Nobody denies that something has to change, but expanding shelving and storage capacity at the Library depends on Congress agreeing to allocate funds that are in short supply across all agencies.
In testimonies before the Appropriations subcommittees on the legislative branch in both chambers, Librarian of Congress James Billington has emphasized the need for Congress to fund construction of a fifth state-of-the-art storage module at Fort Meade, a 100-acre site in Anne Arundel County, Md.
Thirteen were planned when the module plan was first envisioned in the late 1990s. Four have been built so far, and all are due to reach capacity by October.
Congress has not yet provided funding for construction of Module 5, which would have to be included in the Architect of the Capitol's budget rather than the Library's because the AOC would be doing the construction work.
No money is likely to become available in the near future, though. To avoid an election-year budget showdown, House and Senate leaders have agreed to extend current funding levels through March 2013, and any new line items will have to be fought for tooth and nail. The AOC is more likely to push for an additional $61 million to fix the aging Capitol Dome than funds to give the Library more storage space.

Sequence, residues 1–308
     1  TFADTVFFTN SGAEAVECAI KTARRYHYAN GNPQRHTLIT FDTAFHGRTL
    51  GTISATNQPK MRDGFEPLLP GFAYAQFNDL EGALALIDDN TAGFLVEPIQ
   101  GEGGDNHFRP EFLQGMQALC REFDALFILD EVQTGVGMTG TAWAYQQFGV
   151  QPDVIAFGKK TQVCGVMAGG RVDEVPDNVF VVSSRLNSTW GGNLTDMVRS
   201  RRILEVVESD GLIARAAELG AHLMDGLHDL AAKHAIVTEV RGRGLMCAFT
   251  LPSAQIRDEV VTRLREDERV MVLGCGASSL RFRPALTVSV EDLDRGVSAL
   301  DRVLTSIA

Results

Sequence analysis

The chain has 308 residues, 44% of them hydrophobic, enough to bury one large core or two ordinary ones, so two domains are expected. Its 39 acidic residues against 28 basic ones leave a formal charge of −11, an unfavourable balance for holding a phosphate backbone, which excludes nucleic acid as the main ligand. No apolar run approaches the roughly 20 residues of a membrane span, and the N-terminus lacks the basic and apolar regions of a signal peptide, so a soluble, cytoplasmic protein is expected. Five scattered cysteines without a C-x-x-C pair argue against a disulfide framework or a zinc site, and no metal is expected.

"If the Congress wants to solve this problem, it will have to build a fifth module," Schniderman said.
AOC spokeswoman Eva Malecki declined to comment on how the agency is prioritizing Module 5 construction.
In the meantime, the Library will have to make due with floor storage and fixed shelving. It will also probably have to send more items to a warehouse in Landover, Md., which isn't up to optimal standards for storing old and valuable items and doesn't allow for as quick retrieval times as Fort Meade, where there are daily runs to and from Capitol Hill.
At some point, the Library could come up against another challenge in collection management, when the construction of a new staircase to assist in fire emergencies will likely permanently displace some storage space in the stacks.
Library Communications Director Gayle Osterberg acknowledges the problem, while emphasizing that it isn't as though Congress has forsaken the institution entirely. The four Fort Meade modules have been instrumental in helping the Library fulfill its mission, she said, and are just the most recent example of lawmakers funding expansions as the Library has grown.
"Expanding the Library's facilities is critical to ensuring we can fulfill our mission of building and maintaining a current, comprehensive collective of knowledge and creativity accessible to Congress and the nation," Osterberg said. "The current situation is not ideal, and no one is arguing that it is, but we are living in the same budgetary environment as everyone else."
Vice President Joe Biden waits to conduct a mock swearing-in ceremony with Sen. Brian Schatz, D-Hawaii, in the Capitol's Old Senate Chamber, December 2, 2014. Schatz was sworn in to serve the remainder of his term since he was appointed to the seat after Sen. Daniel Inouye, D-Hawaii, passed away.